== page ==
Meanwhile George Shaw, painter, has an exhibition of his work on at the Baltic Centre for Contemporary Art ("The Sly and Unseen Day").
George Shaw. From "The Sly and Unseen Day"
Shaw's work reminds me of Philip Larkin's poetry. Larkin wrote from his adopted Hull and conjures up the flatness and bleakness of that region well, mirroring it's fading purpose (the nearby Humber Bridge, so vast, was described as "the bridge to nowhere") within his own private life and the desperation of internalised disappointment so typical of his finest poetry.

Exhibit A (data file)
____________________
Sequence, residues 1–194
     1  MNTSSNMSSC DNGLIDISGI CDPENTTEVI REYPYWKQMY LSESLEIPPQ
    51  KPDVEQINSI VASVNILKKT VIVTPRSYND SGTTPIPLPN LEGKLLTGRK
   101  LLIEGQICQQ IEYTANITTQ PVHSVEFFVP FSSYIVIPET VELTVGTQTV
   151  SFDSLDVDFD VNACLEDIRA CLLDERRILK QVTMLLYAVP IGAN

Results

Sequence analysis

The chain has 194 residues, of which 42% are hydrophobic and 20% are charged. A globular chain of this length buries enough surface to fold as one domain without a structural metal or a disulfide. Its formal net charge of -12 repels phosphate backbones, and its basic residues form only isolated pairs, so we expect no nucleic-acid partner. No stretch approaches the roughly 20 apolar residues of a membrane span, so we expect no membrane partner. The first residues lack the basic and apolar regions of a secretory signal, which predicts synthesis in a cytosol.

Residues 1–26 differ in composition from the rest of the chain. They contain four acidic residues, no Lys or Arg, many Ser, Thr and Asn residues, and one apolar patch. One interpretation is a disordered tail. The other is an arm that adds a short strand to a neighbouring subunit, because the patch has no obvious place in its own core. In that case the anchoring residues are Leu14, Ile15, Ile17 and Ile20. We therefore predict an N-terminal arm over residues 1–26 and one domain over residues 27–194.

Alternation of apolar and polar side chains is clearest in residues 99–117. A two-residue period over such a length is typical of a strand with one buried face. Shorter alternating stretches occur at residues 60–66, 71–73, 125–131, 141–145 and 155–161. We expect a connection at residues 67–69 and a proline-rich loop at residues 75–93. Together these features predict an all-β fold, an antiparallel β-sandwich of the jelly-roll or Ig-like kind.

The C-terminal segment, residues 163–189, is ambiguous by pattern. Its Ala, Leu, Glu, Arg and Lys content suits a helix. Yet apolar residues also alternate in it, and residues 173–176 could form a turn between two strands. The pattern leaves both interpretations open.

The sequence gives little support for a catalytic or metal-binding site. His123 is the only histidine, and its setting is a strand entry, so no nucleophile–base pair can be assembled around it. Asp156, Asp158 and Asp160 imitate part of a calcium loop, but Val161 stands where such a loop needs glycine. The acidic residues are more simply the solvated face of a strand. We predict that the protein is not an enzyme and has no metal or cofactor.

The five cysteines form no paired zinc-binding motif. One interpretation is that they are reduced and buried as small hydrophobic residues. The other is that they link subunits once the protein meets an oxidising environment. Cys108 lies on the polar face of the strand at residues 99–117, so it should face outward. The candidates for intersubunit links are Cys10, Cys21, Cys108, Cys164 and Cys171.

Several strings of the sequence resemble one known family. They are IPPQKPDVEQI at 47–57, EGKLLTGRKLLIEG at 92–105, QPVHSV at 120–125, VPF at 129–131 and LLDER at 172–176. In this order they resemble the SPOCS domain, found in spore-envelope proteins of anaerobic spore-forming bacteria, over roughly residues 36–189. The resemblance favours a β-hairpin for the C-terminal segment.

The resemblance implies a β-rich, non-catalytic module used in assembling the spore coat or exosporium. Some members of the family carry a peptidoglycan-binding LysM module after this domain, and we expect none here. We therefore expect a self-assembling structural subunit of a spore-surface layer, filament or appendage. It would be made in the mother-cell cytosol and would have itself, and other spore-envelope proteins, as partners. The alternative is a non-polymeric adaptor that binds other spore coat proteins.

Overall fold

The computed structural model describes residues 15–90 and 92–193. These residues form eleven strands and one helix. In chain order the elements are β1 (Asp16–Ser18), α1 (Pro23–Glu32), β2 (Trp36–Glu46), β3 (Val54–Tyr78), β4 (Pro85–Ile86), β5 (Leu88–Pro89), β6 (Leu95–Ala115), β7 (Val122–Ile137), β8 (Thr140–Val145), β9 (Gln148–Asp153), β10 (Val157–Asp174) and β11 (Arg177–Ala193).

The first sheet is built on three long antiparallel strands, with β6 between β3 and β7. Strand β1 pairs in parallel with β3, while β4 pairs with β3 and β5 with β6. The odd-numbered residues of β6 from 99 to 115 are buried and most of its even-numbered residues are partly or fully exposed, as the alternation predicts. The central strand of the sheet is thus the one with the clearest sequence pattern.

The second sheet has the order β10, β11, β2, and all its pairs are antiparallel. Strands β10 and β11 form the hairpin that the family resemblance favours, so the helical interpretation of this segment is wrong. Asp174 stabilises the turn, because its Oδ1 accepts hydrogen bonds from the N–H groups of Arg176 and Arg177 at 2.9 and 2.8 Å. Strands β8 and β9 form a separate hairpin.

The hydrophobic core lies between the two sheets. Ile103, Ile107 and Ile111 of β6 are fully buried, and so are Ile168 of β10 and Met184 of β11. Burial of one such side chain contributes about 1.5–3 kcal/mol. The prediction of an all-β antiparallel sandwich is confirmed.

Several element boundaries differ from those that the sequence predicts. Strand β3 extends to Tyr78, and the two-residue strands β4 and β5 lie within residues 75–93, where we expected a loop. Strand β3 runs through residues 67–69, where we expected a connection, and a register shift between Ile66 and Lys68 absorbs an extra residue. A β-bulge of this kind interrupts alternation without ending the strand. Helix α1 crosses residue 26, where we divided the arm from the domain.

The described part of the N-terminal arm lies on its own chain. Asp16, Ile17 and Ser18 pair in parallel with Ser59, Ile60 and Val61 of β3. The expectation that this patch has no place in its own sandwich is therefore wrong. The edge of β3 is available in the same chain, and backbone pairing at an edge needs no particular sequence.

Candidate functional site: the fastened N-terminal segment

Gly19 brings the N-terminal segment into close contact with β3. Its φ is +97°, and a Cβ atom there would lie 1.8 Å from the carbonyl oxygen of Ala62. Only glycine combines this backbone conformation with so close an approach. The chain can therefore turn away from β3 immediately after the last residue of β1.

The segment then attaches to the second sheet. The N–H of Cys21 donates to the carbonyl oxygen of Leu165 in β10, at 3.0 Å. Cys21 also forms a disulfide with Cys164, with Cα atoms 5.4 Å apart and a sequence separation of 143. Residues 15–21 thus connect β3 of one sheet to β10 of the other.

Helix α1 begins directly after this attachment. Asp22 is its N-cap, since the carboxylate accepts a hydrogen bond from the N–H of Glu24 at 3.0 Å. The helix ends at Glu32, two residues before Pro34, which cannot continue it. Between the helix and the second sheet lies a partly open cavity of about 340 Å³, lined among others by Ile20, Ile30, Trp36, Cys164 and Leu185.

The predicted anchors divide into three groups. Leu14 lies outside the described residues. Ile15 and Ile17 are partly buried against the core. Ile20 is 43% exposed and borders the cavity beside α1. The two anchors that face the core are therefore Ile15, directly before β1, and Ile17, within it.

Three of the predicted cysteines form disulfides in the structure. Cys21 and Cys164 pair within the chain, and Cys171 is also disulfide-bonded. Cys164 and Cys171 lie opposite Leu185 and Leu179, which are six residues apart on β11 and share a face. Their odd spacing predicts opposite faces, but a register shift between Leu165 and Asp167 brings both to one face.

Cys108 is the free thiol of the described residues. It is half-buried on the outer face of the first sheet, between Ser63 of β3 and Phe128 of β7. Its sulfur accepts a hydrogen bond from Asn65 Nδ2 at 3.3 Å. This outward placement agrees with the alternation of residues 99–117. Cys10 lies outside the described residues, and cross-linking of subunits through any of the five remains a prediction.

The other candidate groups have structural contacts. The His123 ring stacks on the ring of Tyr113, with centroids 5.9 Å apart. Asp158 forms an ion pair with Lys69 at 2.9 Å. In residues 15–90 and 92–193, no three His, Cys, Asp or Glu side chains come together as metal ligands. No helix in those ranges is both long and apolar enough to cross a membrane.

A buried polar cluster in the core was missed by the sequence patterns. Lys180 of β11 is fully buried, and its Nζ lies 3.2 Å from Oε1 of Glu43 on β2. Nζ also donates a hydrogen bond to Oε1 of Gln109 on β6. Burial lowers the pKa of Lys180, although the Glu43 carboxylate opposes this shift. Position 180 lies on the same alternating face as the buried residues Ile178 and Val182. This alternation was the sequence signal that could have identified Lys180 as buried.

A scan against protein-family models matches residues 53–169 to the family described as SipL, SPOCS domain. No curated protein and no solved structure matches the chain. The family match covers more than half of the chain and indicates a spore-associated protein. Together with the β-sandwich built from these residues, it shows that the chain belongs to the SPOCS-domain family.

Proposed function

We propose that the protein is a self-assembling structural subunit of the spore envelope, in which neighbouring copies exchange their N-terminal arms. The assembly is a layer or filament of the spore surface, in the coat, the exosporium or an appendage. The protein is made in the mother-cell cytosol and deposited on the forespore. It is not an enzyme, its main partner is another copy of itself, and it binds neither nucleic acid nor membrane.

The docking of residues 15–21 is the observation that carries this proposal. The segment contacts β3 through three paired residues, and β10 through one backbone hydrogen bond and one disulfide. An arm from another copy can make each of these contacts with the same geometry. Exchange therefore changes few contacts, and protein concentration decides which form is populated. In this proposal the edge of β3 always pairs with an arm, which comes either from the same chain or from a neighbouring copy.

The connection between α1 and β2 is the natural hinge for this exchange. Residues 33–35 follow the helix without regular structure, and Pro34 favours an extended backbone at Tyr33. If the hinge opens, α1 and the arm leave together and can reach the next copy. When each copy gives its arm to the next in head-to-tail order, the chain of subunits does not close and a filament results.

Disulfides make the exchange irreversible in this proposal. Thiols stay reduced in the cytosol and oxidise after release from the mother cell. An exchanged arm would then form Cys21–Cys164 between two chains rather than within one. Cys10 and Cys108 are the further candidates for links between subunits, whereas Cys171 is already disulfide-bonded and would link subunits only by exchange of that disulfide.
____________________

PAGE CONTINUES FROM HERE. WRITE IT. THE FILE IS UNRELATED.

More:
Shaw makes a similar journey through the post war housing estates of his native Coventry (before Hitler, as fine a medieval city as any on the Continent). He depopulates his world, leaving few traces of human activity above the menial: A bus stop, a dog shit bin, scrawled and scratched graffiti behind an abandoned working men's club are the few signs of life; the once fashionable blank walls and Bauhaus Light new town architecture re-cycled in minimalist images painted, as all his work is, in enamel paint, supposedly meant for model makers. Yet, there are some memorable things in the show, even if, in nearly forty works (by my estimate) the sun appears once only directly and once by reflection. Otherwise the Coventry weather is all pewter coloured skies and wet concrete. If that sounds dreary, it is the same dreary one finds in Bergman films or Chekov's plays. Haunting.